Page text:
By on December 18, 2019

first_imgMarjolein Gamble is a former pre-primary and primary school teacher who was inspired by a fondness for creativity to create sustainable products and empower local workers.Marjolein Gamble has made a living from her pencil drawn greeting cards, as above, and shweshwe fashion designs. Most of her products are made from recyclable materials. (Image: Gamble started with blank cards on which she drew with colour pencils and printed on recycled local paper. This is where the name ‘Carte-Blanche’ came from. According to the Oxford dictionary, this French term means “a blank piece of paper to be filled in as the possessor pleases”.Today Gamble sells a variety of products such as: artistic blank greeting cards; notebooks made from recycled card and paper; shweshwe shoulder bags; reversible peak hats, shirts and shorts; shweshwe and canvas aprons; printed shoulder bags; and decorative glow in the dark shapes.Sustainability is the key focus for Carte-Blanche and Gamble sources locally manufactured and environmentally friendly materials.Carte-Blanche is in its infancy but already creates a lot of regular work and employs a few locals on a part-time and contract basis.Carte-Blanche invites you to buy good quality products and clothes which are affordable, artistic and which support our local artisans and resources.Their website is read more

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BIG Game Hunters

By on November 28, 2019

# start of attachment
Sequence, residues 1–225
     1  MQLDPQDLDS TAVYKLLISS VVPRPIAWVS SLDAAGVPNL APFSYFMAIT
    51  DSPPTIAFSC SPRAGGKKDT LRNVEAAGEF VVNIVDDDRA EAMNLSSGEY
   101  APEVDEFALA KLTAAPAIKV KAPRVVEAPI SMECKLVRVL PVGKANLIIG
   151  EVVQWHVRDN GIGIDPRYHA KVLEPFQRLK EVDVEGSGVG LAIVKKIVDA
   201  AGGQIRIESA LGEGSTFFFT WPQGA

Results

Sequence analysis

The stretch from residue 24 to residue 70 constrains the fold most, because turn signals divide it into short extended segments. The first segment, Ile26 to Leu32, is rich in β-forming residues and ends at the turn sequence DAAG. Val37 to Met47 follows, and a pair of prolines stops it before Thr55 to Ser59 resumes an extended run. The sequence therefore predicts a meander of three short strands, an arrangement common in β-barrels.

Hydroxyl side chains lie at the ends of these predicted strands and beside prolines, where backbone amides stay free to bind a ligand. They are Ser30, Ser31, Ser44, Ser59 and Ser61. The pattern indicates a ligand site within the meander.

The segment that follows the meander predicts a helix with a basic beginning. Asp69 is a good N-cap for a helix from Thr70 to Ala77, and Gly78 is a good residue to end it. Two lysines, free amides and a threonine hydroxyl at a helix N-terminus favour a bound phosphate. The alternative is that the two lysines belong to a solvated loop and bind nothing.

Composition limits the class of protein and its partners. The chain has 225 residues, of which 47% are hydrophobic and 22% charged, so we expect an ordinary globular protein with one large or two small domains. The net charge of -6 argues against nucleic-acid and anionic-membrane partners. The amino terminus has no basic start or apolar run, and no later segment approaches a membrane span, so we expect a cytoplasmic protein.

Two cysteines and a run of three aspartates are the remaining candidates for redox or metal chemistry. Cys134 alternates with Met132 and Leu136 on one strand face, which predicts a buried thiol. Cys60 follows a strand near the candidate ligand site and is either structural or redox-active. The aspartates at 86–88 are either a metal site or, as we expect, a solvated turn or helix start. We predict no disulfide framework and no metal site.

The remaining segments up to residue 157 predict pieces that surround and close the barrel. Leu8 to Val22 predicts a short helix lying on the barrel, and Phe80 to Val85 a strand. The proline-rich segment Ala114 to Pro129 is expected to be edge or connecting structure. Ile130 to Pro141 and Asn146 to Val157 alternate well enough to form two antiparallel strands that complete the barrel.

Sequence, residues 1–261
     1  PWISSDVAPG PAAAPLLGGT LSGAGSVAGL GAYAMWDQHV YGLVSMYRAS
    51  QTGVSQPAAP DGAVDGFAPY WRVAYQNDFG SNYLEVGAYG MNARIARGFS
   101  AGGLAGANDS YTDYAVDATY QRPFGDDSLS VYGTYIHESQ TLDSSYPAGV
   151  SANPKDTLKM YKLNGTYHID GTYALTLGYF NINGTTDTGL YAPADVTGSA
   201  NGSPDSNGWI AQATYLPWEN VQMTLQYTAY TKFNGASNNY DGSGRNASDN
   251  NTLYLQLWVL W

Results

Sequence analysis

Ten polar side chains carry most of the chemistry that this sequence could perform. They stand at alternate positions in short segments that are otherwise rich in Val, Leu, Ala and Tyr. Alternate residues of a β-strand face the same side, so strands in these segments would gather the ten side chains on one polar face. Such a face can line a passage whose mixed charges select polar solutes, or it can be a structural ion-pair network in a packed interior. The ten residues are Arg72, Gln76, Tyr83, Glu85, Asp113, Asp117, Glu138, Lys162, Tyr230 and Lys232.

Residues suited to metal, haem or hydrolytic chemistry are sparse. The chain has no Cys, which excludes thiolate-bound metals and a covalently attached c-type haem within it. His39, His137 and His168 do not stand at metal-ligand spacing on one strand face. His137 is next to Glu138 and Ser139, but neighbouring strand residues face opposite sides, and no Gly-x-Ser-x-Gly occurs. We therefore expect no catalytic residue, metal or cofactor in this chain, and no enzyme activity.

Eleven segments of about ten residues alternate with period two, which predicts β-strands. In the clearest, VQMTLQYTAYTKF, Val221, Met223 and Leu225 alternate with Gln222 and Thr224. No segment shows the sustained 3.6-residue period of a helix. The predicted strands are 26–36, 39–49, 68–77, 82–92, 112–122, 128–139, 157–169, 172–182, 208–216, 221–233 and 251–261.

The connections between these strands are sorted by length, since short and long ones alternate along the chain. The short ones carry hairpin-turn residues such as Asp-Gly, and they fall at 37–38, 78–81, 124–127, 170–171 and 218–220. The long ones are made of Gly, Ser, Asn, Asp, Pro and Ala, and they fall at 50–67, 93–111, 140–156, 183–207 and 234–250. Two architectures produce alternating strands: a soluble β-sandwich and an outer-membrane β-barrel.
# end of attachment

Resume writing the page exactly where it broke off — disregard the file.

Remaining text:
first_imgCricket loves its heroes. Tendulkar, Dhoni, Sehwag. Warne, Kallis, Steyn. For the next few months, the game’s hero should be the Indian fan. Here come the world’s two biggest cricket attractions, right on top of each other. On February 19, commences the 10th cricket World Cup, somehow strung out to 49 games. Then on April 8, less than a week after the World Cup final, begins the first of the 74 games of the fourth Indian Premier League (IPL).In any other country, this would be too much of a good thing. In India, too much is barely enough. The games fixtured in Sri Lanka and Bangladesh notwithstanding, it will be Indian tv audiences that somehow make Canada vs Kenya and Ireland vs the Netherlands work as the tournament spends five weeks deciding whether West Indies or Bangladesh go through to the quarter-finals. Then they will swap their horizontal tricolours for the IPL replica gear of their favourite franchise and follow that all the way too.It’s a source of wonder. Forty years ago, India had issued fewer than a quarter of a million tv licences. Now there are sets in more than half the nation’s households, and they never shine more incessantly than for cricket. India is not just obsessed with cricket; it is, as Santosh Desai puts it in Mother Pious Lady, “obsessed with being obsessed”.For cricket elsewhere, that poses a growing dilemma. The World Cup is a misnomer. Cricket is not a global game (that is, followed in a majority of countries in ways not based chiefly on national identity), but a multinational one (dependent, like rugby, on an essentially fixed minority of countries) depending, as perhaps no other sport, on the latter-day financial heft of a single country.advertisementThe size and vitality of India’s economy has divided an ancient and widely-loved sport into two streams-the fixtures involving India, as competitor and consumer, and those not. The former are so staggeringly more lucrative that the latter have a diminishing relative existence.Every new cricket initiative worldwide involves trying to monetise Indian passion, whether it’s Australia’s mooted Big Bash League or New Zealand’s Cricket Holdings America LLC. Young cricketers hanker after the easy money of IPL: Australian domestic cricket stopped almost to a walk during the IPL auction as players hung on to every tweet and text message. Where once the objective might have been to become the next Ricky Ponting, now it is to be the next Dan Christian, made a millionaire overnight by the lightning strike of an offer from the Deccan Chargers.The Indian domination of the cricket world probably started more than 15 years ago, in the 1996 World Cup and when the Supreme Court liberalised India’s airwaves. The intrinsic qualities of cricket are coming to have less to do with this than Indian gross domestic product and gross political ambition. Ashis Nandy’s contention that cricket is an “Indian game accidentally discovered by the English” is vindicated not by culture but by capitalism, and the ballot box.It’s as simple as this. First, imagine you are a broadcaster or a manufacturer of consumer goods surveying the extraordinary cultural, ethnic, religious and linguistic diversity that is India. If you are a Samsung surveying the scene from Seoul or an LG Group from Yeouido-dong, how baffling it must seem? So many Gods. So many markets. How to span them all? Bollywood? Soap opera? Cricket outdoes them all, partly because it effortlessly enfolds elements of the other two-narrative, character and tamasha. No wonder, cricket attracts 85 per cent of the advertising monies lavished on sport in India.Imagine you are a politician. It’s easy, just abandon all your moral scruples. Think about the appeal to your constituents of a cricket-friendly face and a cricket-minded administration. What would an IPL franchise, a new cricket stadium or just hosting a ODI might be worth? What a way to evince your common touch, your affinity for vernacular culture.When the World Cup was last in India, the dominant administrative figures, such as Jagmohan Dalmiya and I.S. Bindra, had deep roots in the game. The administration of cricket in India in the last 15 years has been transformed by the presence of such political heavyweights as Arun Jaitley of Delhi, Rajeev Shukla of Uttar Pradesh, Narendra Modi of Gujarat, Anurag Thakur of Himachal Pradesh, Ranjib Biswal of Orissa, Dayanand Narvekar of Goa, Jyotiraditya Scindia of Madhya Pradesh, Ranbir Singh Mahendra of Haryana, Lalu Prasad Yadav of Bihar and just lately, Shashi Tharoor and K.V. Thomas in Kerala, although, perhaps above all, by Sharad Pawar, the “King of Maharastra”, patron of Lalit Modi, now poo-bah of the ICC.advertisementCricket in India is not big only because of its fans’ unique passion, its players’ great skills, the game’s incomparable appeal, and it is certainly not because of the talent of its administration. It outstrips the game in rival nations because India has a lot more people who want to buy mobile phones and tvs while aspiring to white goods, and also because of the exuberant self-admiration of India’s political and media elites.What does this mean for cricket? In the near-term, this has meant great rewards for players, who have no objection to being told where to go and what to do, providing a king’s ransom is involved, and also improved access and better deals for fans, because they are now also consumers whose disposable rupee is suddenly worth hustling for.A pre-industrial game, however, does not make a natural fit with a late capitalist economy. At risk is its hold on any independent existence, as a game, as a cultural form, as an institution. Cricket has never been truly outside economics and politics in India, as has been argued by Ramachandra Guha in A Corner of a Foreign Field. It has been an heir to the fissures and tensions of race, cast, religion and nation.But within it has been preserved something spontaneous, romantic, transcendent and inspirational. Something beyond the market forces. In this latest incarnation, cricket is mainly an effective means of conveying goods to the market; in and of itself it is arguably of dwindling significance.This happens everywhere. This summer in Australia, watching the Ashes felt like visiting a shopping mall. There was something deliciously subversive about watching the team that had come to play win, and the team wheeled out to interrupt the ads get rock’n’rolled.But India’s playing is like the effect of any other two nations squared. Which is actually a diminution of cricket worldwide. One of the qualities of Indian fans has always been their global awareness. They were international followers of the game long before it was straightforward to be so. They would follow events in, say, Australia or the West Indies almost as closely as they followed their own favourites.An irony of Indian cricket’s resistless rise is that the game is becoming less global, relatively speaking. While football and the Olympics have maintained their relentless onward march, Test cricket remains a small club; ODI cricket is a little larger. As Amit Gupta notes in Cricket and Globalisation: “There are no cricketers who have become global icons and advertising brand names in non-cricket-playing countries as David Beckham, Tiger Woods and Michael Jordan have done for their sports in countries like China.”China developing a taste for cricket might change the landscape. Cricket’s string-pullers would like that, because there are a lot more consumer markets to conquer there. But, really, who cares? They’re creaming it at the moment without having to look anywhere else. In the short-to-medium-term, the name of the game is exploiting a core market that is still growing.advertisementElsewhere, cricket is becoming subtly less local. When India visits Australia later this year, it will be transported in an Indian commercial bubble, with its home tv viewers in mind: even the hoardings at the grounds will be allocated to Indian brands. Series that don’t involve India, meanwhile, drift into the twilight of obscure pay-tv channels.The quasi-domestic Champions League is perhaps the most bizarre artefact of Indian hegemony, a tournament that even when it is not in India is all about that country. Last year’s installment in South Africa remains in the memory only because of its eeriness: bad cricket being played by ordinary cricketers in front of handfuls of spectators, gyrating cheerleaders and over-excited commentators simply because ESPN, frustrated at having failed to bid for the IPL, had forked out $1 billion.Here too can be seen most clearly the distinction between what the fans want and what the cricket-industrial complex wants them to want. That’s no way to treat heroes. Gideon Haigh is a Melbourne-based cricket historian and writerlast_img read more